Are Patience, Humility, and/or Obsession Needed for Success?

Best Practices

When you read self-help books, you can expect that you will need to analyze them carefully to separate the wheat from the chaff. Many such books can be very helpful if you look at the practical advice and rethink the validation of it for yourself. Too often, the explanation for why something works is mistaken.

I sometimes help members of the Thinking Lab do this rethinking. Here is a selection of my answers to questions from Thinking Labbers.

Is patience a virtue?

People often say patience is a virtue

I disagree with this. It is sometimes necessary, but it is not a principle to follow. If you notice, nearly every time Ayn Rand uses the term “patience,” she modifies it as a “too long-suffering patience.” Action is what is needed to gain values, not waiting. If you’re not getting a reasonable payoff for your effort, you need to find a different approach — one that pays off sooner.

and that success demands delaying gratification.

That is true. In order to succeed, you need to be willing to experience discomfort — quite a bit of discomfort — and that is what delaying gratification involves.

I’ve heard you talk about achieving payoffs at every level: goal, objective (1-3 months), key result (2 weeks), and task (< 2 hours). That seems to be opposite advice.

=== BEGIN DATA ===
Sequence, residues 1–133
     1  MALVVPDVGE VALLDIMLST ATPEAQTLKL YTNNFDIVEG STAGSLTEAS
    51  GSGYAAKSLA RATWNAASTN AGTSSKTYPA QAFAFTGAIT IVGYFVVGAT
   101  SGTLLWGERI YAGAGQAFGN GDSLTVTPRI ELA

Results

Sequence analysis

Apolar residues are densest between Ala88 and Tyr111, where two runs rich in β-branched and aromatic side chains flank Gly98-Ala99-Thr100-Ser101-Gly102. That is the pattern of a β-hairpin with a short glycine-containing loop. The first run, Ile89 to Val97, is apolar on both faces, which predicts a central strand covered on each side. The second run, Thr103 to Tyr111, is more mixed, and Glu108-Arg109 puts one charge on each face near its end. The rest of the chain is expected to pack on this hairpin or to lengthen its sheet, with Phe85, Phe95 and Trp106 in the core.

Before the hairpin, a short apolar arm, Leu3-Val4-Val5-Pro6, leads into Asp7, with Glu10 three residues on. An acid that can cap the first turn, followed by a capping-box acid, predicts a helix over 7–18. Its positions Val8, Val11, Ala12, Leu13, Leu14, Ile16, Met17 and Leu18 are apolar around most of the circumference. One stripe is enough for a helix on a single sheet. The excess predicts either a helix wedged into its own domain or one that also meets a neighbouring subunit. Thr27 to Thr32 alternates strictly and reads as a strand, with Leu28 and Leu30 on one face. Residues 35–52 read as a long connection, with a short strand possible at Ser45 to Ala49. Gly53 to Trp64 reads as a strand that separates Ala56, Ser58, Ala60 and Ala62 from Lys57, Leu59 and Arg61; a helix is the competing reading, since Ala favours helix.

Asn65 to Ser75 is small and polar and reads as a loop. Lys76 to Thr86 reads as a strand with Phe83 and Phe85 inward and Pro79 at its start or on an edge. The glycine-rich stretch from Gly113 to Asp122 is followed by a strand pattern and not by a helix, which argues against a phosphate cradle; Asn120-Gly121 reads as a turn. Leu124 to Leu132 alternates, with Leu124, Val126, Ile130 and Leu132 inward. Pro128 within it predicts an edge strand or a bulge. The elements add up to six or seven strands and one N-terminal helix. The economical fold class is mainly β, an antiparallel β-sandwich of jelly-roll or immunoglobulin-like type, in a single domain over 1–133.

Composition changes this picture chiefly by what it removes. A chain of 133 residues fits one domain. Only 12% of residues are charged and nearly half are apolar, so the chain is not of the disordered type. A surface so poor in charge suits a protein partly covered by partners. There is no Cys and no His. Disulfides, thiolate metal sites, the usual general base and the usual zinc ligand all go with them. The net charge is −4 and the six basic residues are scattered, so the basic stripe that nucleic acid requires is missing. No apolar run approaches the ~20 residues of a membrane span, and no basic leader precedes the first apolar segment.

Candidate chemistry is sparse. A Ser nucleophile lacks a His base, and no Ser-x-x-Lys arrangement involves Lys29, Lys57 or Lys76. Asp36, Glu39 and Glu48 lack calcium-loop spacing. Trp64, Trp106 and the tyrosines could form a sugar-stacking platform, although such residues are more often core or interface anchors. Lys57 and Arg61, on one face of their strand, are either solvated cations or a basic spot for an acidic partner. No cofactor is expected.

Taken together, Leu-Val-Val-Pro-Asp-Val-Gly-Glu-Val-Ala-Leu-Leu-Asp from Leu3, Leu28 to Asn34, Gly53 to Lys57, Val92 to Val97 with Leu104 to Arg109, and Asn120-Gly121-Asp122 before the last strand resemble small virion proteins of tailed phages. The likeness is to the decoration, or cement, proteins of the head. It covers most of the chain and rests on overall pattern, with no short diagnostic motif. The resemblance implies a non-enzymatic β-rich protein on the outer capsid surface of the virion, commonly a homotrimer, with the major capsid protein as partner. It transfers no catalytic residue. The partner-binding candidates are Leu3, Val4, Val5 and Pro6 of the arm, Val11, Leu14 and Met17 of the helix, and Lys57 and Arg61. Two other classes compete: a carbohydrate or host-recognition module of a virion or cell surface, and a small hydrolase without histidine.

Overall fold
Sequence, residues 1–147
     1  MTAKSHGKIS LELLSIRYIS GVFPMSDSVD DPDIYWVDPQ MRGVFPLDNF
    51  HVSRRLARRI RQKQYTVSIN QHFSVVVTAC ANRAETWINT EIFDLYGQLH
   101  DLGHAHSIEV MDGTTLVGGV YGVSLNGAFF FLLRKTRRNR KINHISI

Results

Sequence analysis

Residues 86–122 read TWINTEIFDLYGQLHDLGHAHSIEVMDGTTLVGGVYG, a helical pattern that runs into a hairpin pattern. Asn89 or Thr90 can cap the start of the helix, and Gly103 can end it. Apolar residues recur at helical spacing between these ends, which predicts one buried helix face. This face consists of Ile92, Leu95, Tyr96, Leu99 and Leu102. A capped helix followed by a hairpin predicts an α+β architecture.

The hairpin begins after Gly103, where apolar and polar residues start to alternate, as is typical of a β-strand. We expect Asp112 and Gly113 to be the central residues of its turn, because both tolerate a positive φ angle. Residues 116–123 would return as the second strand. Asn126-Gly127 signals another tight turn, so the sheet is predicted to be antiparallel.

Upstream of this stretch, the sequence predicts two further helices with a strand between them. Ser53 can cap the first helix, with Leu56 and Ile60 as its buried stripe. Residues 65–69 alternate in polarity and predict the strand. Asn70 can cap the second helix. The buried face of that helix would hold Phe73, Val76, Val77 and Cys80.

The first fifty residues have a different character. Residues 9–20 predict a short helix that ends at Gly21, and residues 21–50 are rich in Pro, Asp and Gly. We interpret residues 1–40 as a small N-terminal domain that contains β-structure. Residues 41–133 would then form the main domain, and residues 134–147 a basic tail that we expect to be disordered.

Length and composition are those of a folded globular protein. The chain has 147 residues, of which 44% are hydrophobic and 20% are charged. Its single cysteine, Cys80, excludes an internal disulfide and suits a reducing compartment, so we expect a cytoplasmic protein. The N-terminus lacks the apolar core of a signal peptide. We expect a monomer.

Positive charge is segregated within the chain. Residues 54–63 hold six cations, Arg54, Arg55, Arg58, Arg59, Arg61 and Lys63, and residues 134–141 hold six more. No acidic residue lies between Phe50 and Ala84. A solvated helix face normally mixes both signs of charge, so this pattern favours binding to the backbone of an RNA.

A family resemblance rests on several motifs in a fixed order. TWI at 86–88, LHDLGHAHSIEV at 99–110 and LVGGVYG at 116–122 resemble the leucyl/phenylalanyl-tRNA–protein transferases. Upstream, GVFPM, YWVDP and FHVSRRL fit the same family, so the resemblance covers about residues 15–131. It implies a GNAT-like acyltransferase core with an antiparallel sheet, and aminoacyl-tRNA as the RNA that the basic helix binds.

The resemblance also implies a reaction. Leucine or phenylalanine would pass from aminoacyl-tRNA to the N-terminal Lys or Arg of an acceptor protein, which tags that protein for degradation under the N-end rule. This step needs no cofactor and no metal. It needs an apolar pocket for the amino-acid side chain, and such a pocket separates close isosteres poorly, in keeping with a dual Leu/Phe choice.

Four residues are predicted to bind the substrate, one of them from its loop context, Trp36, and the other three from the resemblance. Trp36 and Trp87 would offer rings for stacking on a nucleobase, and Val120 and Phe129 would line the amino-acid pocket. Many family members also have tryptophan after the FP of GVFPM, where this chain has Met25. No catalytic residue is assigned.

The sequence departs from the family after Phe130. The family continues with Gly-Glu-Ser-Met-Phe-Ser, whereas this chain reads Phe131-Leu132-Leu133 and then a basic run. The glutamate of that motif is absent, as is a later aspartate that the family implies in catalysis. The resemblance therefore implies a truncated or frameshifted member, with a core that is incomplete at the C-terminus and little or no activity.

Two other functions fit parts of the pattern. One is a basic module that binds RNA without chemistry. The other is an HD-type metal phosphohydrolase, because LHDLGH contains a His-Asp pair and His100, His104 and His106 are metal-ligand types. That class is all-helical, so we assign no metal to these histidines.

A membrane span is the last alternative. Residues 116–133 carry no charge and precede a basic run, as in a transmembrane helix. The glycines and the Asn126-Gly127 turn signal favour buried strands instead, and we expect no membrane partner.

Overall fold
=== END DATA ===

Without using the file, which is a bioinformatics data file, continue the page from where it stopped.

To justify working through the unpleasant parts, you need to see for yourself that there will be some payoff for every action. Moreover, you need to see it with certainty. Certainty that an action is in your rational self-interest is the basis of the courage and confidence to follow through. But the longer-scale the task, the more you risk putting in effort that doesn’t pay off. Any doubt you have about the outcome will create conflict over putting in the effort.

This is why I teach that pleasure needs to be built into the process. You do not just do a lot of heavy lifting and go through unpleasantness for months with the nebulous expectation that sometime in the distant future it will pay off. You don’t put off the experience of pleasure beyond the foreseeable future. There needs to be some payoff in the near-enough future that you can see that your current effort, right now, is worth it — that it’s worth delaying gratification for. This is true for doing an hour of email (which could be unpleasant) or a 2-week task (which could have a lot of challenging ups and downs in it).

Of course, your certainty does not guarantee that you will succeed. Certainty means you have no reason to doubt your conclusion — it integrates with everything you know. It does not guarantee your conclusion is true. It guarantees that it is proper to act on it.

The longer range the goal, the more likely you will have unforeseen difficulties along the way. But if you consistently figure out how to break down your longer-scale goals into 2-week key results and 2-hour tasks that have real payoffs, the occasional setback, failure, or course correction is not a problem. You will have had so much day-to-day success that your momentum helps you over the difficult spots. And if there is a big mistake, you guarantee that you catch it sooner rather than later, so you can adjust course.

(I teach this process in my 12-session course on “Rational Goal-Setting” in the Thinking Lab.)